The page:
Does Buyer Know What They are Buying? Yes No
Yes Perfect Information Antique Dealer Problem
No Lemon Problem Blind Betting

The Matrix and I have received plenty of resistance from old buddy-duddies in the Economics profession.  Some have tried to argue the Blind Betting quadrant doesn’t exist, but is rather another example of information asymmetry.  To them I point out the Bank of England’s Andy Haldane refers to banks as black boxes, but that doesn’t stop their stocks from trading.

Others have instead tried to dismiss the Matrix by focusing on my lack of an Economics PhD.  To them I would just point out: Adam Smith didn’t have an Econ PhD, but all of Economics is based on an idea of his; Walter Bagehot didn’t have an Econ PhD, but modern central banking is based on an idea of his; and John Keynes didn’t have an Econ PhD, but how we think governments should respond to a recession or financial crisis is heavily influenced by an idea of his.

Last in his script was the radical idea winning out through its superior ability to predict events.  Amazingly, the Matrix has continued to outperformed all other ideas, like Informationally Insensitive Debt, that have been championed by the Economics profession.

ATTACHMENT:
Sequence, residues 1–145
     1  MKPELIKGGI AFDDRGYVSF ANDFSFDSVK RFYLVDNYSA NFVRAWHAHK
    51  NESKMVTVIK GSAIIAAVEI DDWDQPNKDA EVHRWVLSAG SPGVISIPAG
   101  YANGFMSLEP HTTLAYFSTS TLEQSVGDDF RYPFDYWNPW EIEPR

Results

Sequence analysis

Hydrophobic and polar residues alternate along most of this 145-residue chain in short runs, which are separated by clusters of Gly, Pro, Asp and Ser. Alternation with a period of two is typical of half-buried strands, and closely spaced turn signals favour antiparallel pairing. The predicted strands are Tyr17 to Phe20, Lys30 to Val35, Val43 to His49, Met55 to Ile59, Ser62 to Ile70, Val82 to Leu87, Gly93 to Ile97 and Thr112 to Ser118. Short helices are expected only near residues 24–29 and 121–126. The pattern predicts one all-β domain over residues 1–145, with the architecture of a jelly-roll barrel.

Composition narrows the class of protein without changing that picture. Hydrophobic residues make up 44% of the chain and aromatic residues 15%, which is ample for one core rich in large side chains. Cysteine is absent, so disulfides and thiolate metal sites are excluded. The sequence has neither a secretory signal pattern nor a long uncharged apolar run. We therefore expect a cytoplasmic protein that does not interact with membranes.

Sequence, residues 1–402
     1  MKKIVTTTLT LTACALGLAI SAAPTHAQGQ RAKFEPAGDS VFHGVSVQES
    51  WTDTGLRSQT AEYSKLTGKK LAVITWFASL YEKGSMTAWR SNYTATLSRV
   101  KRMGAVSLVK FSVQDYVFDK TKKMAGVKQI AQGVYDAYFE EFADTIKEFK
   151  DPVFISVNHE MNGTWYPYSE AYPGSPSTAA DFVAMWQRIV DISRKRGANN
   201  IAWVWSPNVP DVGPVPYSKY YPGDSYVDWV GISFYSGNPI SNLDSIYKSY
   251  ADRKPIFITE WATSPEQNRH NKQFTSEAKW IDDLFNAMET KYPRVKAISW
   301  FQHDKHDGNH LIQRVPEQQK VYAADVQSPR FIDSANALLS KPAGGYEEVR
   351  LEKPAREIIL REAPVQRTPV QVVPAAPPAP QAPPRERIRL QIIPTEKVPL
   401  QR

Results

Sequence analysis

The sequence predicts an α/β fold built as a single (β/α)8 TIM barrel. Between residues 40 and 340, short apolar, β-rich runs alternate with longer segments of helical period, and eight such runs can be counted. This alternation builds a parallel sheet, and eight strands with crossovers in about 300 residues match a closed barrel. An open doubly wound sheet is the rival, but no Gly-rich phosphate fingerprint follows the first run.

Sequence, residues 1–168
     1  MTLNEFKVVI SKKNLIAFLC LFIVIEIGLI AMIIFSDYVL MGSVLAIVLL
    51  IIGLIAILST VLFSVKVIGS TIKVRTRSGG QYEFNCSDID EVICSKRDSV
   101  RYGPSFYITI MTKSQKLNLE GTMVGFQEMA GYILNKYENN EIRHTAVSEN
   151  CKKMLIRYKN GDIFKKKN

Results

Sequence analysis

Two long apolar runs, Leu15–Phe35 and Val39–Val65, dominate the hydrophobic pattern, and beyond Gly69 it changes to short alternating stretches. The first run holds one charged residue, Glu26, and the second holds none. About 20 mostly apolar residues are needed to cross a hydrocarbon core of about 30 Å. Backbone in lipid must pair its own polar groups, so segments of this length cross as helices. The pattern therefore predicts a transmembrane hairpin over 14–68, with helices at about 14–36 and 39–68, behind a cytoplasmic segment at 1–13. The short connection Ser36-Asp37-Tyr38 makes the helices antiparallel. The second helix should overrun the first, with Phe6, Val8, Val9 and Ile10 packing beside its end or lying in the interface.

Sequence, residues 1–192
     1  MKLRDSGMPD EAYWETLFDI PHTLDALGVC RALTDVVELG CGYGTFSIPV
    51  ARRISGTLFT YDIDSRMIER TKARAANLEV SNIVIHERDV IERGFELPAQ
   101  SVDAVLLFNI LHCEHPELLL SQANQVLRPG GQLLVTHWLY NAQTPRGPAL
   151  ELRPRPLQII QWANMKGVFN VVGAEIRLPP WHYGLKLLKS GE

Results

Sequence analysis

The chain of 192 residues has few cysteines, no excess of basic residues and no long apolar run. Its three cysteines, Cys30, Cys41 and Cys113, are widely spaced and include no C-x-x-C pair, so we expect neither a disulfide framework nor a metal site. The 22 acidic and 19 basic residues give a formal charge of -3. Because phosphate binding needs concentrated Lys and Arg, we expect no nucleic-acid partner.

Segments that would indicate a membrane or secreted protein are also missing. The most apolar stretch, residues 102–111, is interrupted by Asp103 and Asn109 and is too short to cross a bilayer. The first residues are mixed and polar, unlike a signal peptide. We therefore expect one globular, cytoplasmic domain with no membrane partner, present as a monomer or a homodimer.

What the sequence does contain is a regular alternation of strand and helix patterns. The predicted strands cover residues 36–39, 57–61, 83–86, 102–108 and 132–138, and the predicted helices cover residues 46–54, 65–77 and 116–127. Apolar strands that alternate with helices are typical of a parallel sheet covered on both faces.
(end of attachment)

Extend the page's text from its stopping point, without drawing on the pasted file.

So a decade on from the start of the financial crisis, the Information Matrix is still waiting for the end of Professor Krugman’s script where it is embraced by the Economics profession.

I sense the wait will continue for a while longer.

When Professor Krugman says no one saw the financial crisis coming, he is talking about 99% of the Economics profession (even here there were a handful of exceptions like William White).  There were individuals outside of the Economics profession like myself who did see the crisis coming.

Professor Krugman is right there was an empirical failure.  He description of the failure as financial innovation getting around Depression-era bank safeguards misses the fundamental point.  This was an opacity driven crisis and the safeguards Wall Street got around were the ones preventing the sale of opaque securities.